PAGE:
Bug Bounty

IT Security flaws should not be seen as shameful but as a source of inspiration to build more robust defences. One of these defences is with Bug Bounty.

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Keeping an eye on unknown
vulnerabilities with a Bug Bounty Program

Vulnerabilities are an integral component of software. A program can be built with an endless number of protections and security measures, but there will always be some form of weakness. The builders are just human after all. These security flaws should not be seen as shameful but as a source of inspiration to build more robust defences.

Setting up a bug bounty program can be an incredible asset to your organisation. By setting up relations with researchers, you build a team that works towards helping you be as secure as possible while keeping an eye on your vulnerabilities. During a bug bounty program, you get insights into how you can improve the security of your system or software.

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What is a Bug Bounty?

A bug bounty refers to the reward offered for vulnerabilities discovered within a set scope. A bug bounty program is a competition in which researchers are invited to look for and disclose any weaknesses in online or network environments. For each unique and valid bug found, the hacker receives a prize (bounty) based on the severity of the weakness. Bug Bounty Programs have become more popular as an added asset to IT security.

What is a Coordinated Vulnerability Disclosure Policy?

What types of bug bounty programs are there?

There are two categories of bug bounty programs: public and private. 

Public bug bounty programs are open to everyone. This type might yield the best results: it attracts a considerable amount and wide variety of ethical hackers or researchers. However, the experience of these researchers varies and their background is not checked.

In private bug bounty programs, organisations invite researchers to participate. This grants you the control and the organisation to effectively identify and fix vulnerabilities. Researchers are often experienced, well known and vetted security professionals.

What’s the difference between a Bug Bounty Program and a Coordinated Vulnerability Disclosure Policy (CVD)?

Bug bounty programs and CVD do not compete. CVD allows for easier disclosures of vulnerabilities from external parties, which plays nicely into the core of bug bounty programs. CVD is a passive agreement which results in vulnerabilities being discovered and disclosed without punishment, while bug bounty programs ask researchers to find vulnerabilities and get paid for disclosing them, also without punishment. In a way, a bug bounty is a form of CVD which more directly motivates reporters to find and disclose vulnerabilities.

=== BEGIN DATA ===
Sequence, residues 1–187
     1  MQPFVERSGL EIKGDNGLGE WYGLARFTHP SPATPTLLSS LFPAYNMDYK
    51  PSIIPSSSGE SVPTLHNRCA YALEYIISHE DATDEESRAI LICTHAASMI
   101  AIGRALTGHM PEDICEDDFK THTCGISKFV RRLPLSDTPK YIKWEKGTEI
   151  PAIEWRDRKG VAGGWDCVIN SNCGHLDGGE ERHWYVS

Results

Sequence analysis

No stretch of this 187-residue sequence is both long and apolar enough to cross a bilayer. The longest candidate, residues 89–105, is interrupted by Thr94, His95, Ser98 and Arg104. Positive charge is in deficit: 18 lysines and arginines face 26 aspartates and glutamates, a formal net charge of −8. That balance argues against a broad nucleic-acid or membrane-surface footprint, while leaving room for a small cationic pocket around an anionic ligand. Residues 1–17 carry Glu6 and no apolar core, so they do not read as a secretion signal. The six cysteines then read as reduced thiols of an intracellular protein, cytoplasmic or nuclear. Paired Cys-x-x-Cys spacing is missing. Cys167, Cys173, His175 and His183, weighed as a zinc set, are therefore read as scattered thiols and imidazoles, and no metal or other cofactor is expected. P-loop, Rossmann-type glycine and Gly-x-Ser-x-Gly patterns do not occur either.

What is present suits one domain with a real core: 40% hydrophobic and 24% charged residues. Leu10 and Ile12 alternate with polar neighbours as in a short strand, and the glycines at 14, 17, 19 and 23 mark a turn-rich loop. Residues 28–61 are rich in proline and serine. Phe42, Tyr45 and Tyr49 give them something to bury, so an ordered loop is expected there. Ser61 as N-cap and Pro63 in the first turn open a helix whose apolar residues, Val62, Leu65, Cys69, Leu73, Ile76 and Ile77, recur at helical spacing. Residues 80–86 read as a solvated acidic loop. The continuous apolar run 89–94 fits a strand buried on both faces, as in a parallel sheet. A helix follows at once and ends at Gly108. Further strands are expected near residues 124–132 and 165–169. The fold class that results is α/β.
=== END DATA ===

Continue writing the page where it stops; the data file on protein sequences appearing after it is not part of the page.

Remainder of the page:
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What are the advantages of a Bug Bounty Program?

There are several advantages of a Bug Bounty Program.

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A continuous solution for a continuously changing world

Nowadays, software is released almost continuously. This is great for business and boosts company responsiveness, but can leave the software not fully tested. Bug bounty programs are a solution for this. They offer a continuous way to test your system, regardless of how fast you release software.

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Lower costs

Bug bounty programs, compared to other traditional security breach tests, pay per vulnerability rather than per the amount of time spent finding it. This helps save on money spent finding the problems and allows for more capital to be invested in forming a solution. In addition, paying per vulnerability motivates researchers to follow a trail to its end and may result in more complicated and sophisticated finds.

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Beat the bad guys

A team of researchers can produce a more extensive and impactful list of bugs in a shorter time than a developer or security team because of the ability to increase size. Adding more researchers is easy and efficient, letting the good guys find the bugs before the bad guys do.

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Train as you go

During a successful bug bounty program, you will get reports on your system’s most significant and, sometimes, smallest vulnerabilities. With those reports, developer and security teams can refine and polish the system to remove those vulnerabilities. While fixing those weaknesses, your teams will also get additional experience and training on what to pay attention to next time they update or add to the system.

How do I set up a Bug Bounty Program?

Setting up a bug bounty program can be a very daunting task. A few tricks to help you start a bug bounty program:

Start your own Bug Bounty Program with Zerocopter

Starting a bug bounty program can sometimes be difficult, however. You need to make sure that your systems are refined enough to make the program cost-effective, and you should have a well-developed team to process your incoming vulnerability reports. But the advantages of learning where you might be vulnerable from more creative sources make it all worth it.

It doesn’t even have to be difficult. At Zerocopter, we help you organise and simplify your bug bounty program so that you get the most successful and efficient program possible. With our team of researchers, we provide you with the platform and interface to strengthen your security systems, while paying out researchers and organising your vulnerability reports.

How do I manage reports coming in via a Coordinated Vulnerability Disclosure Policy?
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